(awesome illustration from Tim Souers of Cubby Blue, click on the image for the full-size)
More after the jump...
A few days ago I put up a poll on some of the lineup atrocities over the years, which Neifi ran away with at 73% of the vote, but this continued mess of Derrek Lee and Aramis Ramirez hitting ahead of Alfonso Soriano and Geovany Soto finished a distant second at 11% (with Soriano hitting leadoff finishing just behind at 10%). Anyway, how about contextualizing the current atrocity in numbers thanks to Baseball Prospectus (ROB is Runners on Base).
As you can see, the two guys struggling the most have had the most opportunities to drive in runs thanks to batting in the middle of the order. On top of that, thanks to their struggles, there isn't anyone on-base for Soriano while he is hitting. It's a double whammy of lineup stupidity. Just to compare, Chris Young of Arizona and Raul Ibanez of Philly are two other NL #6 hitters with a similar number of at-bats and Young has had 95 ROB in a 144 PA and Ibanez has had 90 ROB in a 130 PA.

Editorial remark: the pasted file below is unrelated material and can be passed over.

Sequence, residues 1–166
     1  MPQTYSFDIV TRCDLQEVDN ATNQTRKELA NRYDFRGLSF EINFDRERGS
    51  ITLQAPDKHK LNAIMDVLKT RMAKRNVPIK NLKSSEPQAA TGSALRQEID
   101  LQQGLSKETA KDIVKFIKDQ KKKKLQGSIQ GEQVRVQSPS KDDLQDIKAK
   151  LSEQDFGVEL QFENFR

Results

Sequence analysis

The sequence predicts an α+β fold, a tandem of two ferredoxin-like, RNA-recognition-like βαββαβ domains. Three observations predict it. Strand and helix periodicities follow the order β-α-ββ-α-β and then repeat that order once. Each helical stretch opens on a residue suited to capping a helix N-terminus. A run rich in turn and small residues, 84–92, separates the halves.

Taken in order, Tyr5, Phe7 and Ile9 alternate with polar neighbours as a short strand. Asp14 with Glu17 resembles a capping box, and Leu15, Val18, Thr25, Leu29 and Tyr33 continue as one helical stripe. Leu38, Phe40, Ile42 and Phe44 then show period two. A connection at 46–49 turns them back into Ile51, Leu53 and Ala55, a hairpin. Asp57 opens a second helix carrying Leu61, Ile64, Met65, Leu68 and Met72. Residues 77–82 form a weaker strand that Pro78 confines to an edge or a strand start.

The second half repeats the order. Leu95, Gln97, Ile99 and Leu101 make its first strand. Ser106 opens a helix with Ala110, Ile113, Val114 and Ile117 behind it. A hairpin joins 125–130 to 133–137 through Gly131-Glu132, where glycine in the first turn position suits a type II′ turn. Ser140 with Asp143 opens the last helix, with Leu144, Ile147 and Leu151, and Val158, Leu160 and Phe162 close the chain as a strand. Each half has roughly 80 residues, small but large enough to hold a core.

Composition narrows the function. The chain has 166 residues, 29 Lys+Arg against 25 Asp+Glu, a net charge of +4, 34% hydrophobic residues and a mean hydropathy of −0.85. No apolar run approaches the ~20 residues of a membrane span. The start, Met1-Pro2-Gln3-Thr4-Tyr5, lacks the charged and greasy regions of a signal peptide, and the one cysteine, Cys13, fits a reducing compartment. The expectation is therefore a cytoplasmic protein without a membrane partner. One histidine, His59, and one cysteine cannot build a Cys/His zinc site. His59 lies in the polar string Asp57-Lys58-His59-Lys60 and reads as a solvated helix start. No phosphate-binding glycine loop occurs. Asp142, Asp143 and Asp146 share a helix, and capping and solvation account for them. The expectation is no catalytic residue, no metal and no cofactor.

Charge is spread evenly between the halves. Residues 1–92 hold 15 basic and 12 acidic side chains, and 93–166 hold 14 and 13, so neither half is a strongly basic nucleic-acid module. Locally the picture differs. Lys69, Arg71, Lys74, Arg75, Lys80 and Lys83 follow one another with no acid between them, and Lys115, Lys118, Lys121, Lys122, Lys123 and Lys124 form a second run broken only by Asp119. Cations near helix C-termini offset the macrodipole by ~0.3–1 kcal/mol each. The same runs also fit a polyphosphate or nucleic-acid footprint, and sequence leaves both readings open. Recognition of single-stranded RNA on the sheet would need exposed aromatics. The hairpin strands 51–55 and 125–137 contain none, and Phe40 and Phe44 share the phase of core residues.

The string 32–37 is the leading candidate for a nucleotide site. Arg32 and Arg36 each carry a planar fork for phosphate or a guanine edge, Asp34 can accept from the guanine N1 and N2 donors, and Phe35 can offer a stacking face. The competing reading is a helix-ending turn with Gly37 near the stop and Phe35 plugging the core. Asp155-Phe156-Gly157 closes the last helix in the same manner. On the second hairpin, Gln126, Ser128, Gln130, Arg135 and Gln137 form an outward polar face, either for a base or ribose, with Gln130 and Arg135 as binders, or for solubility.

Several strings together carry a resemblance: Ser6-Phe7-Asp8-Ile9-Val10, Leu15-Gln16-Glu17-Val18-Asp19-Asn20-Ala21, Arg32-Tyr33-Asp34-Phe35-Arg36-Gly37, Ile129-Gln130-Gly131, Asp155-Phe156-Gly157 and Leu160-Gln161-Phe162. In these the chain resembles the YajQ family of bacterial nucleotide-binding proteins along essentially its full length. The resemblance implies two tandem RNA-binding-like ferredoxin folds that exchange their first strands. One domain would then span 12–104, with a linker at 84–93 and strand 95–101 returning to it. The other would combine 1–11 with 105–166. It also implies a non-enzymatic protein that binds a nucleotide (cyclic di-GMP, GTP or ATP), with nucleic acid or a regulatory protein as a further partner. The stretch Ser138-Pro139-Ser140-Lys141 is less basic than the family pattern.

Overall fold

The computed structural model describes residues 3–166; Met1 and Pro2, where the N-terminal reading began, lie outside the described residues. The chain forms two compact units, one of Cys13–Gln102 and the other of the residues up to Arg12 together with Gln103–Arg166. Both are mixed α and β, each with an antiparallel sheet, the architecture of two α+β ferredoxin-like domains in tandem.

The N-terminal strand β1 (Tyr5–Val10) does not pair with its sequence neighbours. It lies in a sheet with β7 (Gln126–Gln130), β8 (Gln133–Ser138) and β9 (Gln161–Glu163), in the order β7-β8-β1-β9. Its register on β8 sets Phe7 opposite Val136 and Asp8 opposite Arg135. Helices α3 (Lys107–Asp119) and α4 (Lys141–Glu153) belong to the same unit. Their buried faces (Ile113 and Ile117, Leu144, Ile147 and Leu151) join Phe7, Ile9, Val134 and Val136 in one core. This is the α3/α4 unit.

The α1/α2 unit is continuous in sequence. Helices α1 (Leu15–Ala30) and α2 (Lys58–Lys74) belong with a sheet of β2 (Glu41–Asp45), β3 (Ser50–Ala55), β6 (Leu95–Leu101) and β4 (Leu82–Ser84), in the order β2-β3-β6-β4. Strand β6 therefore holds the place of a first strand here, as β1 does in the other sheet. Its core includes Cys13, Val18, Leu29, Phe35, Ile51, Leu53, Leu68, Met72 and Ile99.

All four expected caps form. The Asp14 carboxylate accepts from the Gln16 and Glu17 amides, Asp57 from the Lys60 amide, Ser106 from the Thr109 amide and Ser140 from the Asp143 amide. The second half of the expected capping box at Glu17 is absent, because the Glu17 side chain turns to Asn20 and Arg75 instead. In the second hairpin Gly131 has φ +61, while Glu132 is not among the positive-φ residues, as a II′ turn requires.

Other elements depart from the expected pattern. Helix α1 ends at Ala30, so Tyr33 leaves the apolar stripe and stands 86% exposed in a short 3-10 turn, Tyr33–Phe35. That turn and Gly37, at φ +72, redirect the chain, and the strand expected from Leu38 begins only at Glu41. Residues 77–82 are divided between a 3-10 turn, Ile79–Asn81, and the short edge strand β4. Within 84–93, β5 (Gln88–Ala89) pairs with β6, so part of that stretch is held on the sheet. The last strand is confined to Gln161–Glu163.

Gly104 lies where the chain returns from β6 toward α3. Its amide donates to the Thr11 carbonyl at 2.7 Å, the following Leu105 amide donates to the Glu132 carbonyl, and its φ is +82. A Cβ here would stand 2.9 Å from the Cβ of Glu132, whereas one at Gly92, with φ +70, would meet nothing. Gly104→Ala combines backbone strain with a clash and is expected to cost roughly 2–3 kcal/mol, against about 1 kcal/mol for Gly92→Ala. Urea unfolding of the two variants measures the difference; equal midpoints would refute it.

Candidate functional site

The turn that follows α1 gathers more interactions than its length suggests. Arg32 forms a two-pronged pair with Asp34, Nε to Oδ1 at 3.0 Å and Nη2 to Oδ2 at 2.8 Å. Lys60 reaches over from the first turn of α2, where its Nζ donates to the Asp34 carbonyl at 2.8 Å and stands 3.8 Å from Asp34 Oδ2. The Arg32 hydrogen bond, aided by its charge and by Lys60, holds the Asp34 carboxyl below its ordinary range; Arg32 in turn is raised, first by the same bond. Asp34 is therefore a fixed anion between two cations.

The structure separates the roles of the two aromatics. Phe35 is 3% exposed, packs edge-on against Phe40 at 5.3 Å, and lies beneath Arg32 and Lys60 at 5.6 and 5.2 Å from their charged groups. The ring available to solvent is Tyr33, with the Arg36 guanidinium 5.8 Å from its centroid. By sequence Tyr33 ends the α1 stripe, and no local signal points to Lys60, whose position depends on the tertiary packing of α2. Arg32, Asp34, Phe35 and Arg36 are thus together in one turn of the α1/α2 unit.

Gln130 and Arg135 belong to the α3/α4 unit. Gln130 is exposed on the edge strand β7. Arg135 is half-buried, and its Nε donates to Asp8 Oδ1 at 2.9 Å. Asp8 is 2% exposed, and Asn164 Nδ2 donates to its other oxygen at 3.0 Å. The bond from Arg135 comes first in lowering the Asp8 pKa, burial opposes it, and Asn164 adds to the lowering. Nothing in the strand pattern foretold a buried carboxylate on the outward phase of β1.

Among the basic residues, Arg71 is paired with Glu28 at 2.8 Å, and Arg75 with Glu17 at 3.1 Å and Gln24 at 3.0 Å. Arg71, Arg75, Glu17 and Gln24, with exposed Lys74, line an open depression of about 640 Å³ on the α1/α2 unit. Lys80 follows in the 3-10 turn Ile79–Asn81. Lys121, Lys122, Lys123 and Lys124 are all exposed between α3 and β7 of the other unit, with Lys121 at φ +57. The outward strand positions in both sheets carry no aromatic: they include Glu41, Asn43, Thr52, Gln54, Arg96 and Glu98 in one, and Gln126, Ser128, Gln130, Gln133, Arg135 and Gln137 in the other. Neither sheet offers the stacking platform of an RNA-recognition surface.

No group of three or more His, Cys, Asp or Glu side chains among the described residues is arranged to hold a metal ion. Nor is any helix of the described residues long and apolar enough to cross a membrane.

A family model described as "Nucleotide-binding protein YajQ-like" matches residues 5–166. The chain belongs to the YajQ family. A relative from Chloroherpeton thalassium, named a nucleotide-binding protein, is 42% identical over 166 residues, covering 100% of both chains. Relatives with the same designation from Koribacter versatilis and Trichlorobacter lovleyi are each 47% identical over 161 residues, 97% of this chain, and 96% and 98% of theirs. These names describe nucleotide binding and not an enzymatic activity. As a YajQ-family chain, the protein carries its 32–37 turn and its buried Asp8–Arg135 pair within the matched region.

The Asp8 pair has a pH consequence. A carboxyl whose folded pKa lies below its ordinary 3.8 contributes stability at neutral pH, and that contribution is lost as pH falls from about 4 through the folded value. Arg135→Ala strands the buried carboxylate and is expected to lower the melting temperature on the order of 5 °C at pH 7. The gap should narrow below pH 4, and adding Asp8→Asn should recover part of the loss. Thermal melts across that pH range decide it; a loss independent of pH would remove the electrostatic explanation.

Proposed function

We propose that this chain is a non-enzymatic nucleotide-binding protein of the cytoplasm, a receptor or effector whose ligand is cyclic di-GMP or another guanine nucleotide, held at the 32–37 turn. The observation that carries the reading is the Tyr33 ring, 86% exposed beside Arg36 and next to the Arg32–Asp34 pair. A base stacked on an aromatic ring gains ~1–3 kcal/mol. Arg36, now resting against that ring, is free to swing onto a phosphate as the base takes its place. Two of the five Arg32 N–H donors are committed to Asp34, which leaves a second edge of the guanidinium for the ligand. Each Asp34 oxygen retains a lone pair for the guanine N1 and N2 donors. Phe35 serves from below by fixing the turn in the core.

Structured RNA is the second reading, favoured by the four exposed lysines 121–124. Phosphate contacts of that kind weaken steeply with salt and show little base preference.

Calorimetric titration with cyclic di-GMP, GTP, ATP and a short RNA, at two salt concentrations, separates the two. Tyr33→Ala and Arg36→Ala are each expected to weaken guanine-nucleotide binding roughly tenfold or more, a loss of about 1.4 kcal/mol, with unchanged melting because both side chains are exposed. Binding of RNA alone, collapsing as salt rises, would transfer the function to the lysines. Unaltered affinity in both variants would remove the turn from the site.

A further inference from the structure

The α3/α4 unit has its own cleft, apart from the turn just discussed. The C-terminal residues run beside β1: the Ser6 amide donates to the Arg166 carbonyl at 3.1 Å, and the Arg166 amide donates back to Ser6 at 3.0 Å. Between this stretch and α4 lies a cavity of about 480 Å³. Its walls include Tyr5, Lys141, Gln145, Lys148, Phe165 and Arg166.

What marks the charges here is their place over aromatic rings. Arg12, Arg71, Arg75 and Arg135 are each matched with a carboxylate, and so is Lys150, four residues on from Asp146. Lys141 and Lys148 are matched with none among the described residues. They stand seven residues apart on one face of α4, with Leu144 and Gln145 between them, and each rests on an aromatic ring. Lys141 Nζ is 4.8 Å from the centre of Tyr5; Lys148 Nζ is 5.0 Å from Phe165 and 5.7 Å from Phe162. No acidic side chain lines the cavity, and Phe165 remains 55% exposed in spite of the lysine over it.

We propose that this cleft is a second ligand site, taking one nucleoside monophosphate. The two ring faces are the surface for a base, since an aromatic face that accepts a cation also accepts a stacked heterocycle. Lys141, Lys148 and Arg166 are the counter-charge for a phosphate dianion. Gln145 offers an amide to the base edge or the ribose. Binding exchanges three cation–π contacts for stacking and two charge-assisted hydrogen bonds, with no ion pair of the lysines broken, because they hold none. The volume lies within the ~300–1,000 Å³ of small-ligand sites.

Now let's add a column of OBI% or Others Batted In. When we talk about a guy being a run producer, this is where they should be excelling at, driving in the other guys on base in front of them (16-17% is the average). Granted, it's a number that fluctuates quite a bit from year-to-year, but you gotta take advantage of the hot hitters.
I wouldn't worry about Soto much, he just gets walked whenever someone is on-base so they can face the pitchers, but while Lee and Ramirez struggle, Soriano is basically just being back to a leadoff man in the middle of the order. Maybe that was Lou's plan all along.
Today, nothing changes with Theriot, Byrd, Lee, Nady, Ramirez, Soriano, Soto, Castro and Gorzelanny set to battle the Pirates lefty Brian Burres.